Blunt Force Trauma. GroupM co-owners of advertiser data?


Liam Walsh writes: Ben took a look at this but focused his attention on other elements of it.

http://adage.com/digital/article?article_id=134414

What a genuinely curious position for GroupM to take on changing T&C.

I completely understand the problem they are trying to solve, the issue of publishers and networks using data from one advertiser and selling it to another. It isn’t something that happens a lot here but it could.

The response of GroupM to change terms and conditions unilaterally feels a very blunt instrument indeed. Is it really necessary and is it accurate?

The language in the documentation specifies that the “agency/advertiser” own the data.

“All data generated or collected by the Media Company in performing under this Agreement shall be deemed ‘Confidential Information’ of Agency/Advertiser.”

These two bodies are not the same thing and it feels like an ugly custody dispute the day when the advertiser and the media agency part ways. I am sure the Group M agencies are excellent but clients change agencies fairly regularly.

It is also unusual that the media agency would co-own the data while the strategic agencies, creative agencies, website developers all have no rights?

Also I wonder if the GroupM contracts with their customers specify that GroupM co-own the data from all campaigns. If they owned it then potentially GroupM could use the data for other advertisers?

There may well be more to it but at face value this feels a hasty move.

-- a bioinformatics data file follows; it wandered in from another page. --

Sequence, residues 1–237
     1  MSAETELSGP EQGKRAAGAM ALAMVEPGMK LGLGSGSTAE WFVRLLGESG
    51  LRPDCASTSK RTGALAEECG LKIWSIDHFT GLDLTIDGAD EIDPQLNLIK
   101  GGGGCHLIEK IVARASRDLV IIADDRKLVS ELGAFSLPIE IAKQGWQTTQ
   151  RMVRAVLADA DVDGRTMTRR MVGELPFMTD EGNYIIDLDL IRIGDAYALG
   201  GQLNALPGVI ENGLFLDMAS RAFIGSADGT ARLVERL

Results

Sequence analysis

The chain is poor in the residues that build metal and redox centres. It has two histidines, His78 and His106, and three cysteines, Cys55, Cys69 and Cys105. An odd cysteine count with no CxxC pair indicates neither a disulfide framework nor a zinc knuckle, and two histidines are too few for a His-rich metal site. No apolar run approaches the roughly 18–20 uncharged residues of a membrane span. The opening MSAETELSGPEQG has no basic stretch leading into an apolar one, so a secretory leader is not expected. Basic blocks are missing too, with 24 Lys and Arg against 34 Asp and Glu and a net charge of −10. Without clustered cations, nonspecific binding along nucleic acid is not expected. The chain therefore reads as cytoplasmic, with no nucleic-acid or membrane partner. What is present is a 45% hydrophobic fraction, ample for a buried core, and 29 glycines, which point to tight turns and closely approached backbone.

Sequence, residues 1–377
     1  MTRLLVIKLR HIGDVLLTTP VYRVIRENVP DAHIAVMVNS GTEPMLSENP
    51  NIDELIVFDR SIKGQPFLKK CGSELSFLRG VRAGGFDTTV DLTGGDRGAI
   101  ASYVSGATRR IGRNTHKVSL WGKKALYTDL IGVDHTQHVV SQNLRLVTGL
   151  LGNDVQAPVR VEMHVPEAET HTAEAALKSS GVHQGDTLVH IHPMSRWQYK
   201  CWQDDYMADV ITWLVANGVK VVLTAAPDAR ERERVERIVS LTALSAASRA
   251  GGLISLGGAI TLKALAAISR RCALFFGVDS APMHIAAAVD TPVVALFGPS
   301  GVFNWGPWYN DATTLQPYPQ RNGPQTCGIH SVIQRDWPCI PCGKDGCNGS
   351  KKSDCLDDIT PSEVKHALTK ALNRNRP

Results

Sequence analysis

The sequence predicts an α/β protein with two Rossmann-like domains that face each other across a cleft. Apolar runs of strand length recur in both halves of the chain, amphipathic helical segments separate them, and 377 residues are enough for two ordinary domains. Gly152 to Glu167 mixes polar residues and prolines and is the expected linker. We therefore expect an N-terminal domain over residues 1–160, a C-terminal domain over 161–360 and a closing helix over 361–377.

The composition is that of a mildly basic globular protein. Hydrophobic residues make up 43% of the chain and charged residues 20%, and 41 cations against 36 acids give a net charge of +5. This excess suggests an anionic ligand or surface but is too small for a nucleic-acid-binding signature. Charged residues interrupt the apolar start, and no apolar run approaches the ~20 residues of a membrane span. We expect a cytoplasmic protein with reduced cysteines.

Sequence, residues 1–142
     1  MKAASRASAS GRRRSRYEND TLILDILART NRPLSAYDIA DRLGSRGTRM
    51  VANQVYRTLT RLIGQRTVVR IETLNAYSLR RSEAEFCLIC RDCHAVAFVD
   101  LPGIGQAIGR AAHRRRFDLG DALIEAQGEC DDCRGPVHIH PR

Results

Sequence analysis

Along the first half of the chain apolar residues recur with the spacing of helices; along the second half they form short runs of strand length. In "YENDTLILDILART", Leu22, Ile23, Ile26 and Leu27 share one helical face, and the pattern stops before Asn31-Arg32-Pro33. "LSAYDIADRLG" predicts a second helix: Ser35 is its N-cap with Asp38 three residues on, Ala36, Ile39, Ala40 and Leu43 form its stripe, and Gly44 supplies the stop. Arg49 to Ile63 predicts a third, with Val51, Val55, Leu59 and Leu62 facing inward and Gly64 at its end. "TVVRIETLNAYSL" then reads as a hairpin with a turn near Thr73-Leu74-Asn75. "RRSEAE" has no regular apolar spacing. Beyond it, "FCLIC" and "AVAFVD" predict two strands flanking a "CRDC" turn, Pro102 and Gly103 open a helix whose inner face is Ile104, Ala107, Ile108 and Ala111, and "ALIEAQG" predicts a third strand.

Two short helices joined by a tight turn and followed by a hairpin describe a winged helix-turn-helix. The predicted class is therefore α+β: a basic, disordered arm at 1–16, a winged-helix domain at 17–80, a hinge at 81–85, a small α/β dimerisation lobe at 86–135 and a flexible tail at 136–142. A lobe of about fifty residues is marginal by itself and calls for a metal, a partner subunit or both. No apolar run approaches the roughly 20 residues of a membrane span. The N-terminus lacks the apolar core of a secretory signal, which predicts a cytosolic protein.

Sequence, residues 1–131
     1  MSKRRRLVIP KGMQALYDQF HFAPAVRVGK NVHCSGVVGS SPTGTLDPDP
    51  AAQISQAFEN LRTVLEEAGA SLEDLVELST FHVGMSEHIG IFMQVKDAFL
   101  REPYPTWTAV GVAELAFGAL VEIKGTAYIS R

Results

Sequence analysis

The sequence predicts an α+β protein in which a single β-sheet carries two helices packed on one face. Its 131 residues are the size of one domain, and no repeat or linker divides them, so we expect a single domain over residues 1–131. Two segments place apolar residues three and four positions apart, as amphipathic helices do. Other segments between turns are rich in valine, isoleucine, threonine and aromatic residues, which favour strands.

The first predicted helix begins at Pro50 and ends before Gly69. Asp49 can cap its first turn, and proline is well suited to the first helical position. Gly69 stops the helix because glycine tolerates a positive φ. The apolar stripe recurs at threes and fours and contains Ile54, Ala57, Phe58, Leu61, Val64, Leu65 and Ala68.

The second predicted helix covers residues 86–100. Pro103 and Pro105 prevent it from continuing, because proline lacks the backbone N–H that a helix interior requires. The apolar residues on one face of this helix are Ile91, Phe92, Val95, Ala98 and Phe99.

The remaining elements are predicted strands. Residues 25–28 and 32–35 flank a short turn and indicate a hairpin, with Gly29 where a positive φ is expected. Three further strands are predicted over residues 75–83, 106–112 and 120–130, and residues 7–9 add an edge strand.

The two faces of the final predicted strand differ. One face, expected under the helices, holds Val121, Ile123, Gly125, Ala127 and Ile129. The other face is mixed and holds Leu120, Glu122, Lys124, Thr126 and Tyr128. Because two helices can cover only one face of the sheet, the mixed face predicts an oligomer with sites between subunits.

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5 responses to “Blunt Force Trauma. GroupM co-owners of advertiser data?

  1. In my past life at Nielsen, one of the major sticking points of any contract was the question of ‘who own’s the data’?

    The clients naturally wanted to own the data, (and rightly so) but if this was permitted our other products (Industry reports / Market Intelligence etc) would cease to exist. We wanted to own the data so it could be used for other products. It’s interesting to see these arguments are still going on and also suprising it took so long to happen given the abundance of campaign data.

  2. Aus Media Buyer

    Would the GroupM change in T&C’s be confusing/concerning for you as your business model at DrivePM relies on the premise that you are free to use one clients data to target another client for another agency?

    In using most re-targeting and behavioral targeting techniques you can use the responses of a consumer to target another consumer so you use less ad-space to find a customer with a propensity to transact. Effectively you are using clients data against them but most simply look at the benefit of more targeted ad-space or the fact you are willing to work on cost-per-lead basis.

    Is it really that much of a surprise that some media agencies have figured that their spends (especially if they are one of the biggest spenders which GroupM are, especially in the states) are actually helping other agencies get more targeted and better results. If they own the data then they are within their rights to restrict it’s use to only benefit their own campaigns and not just allow networks to farm cookies.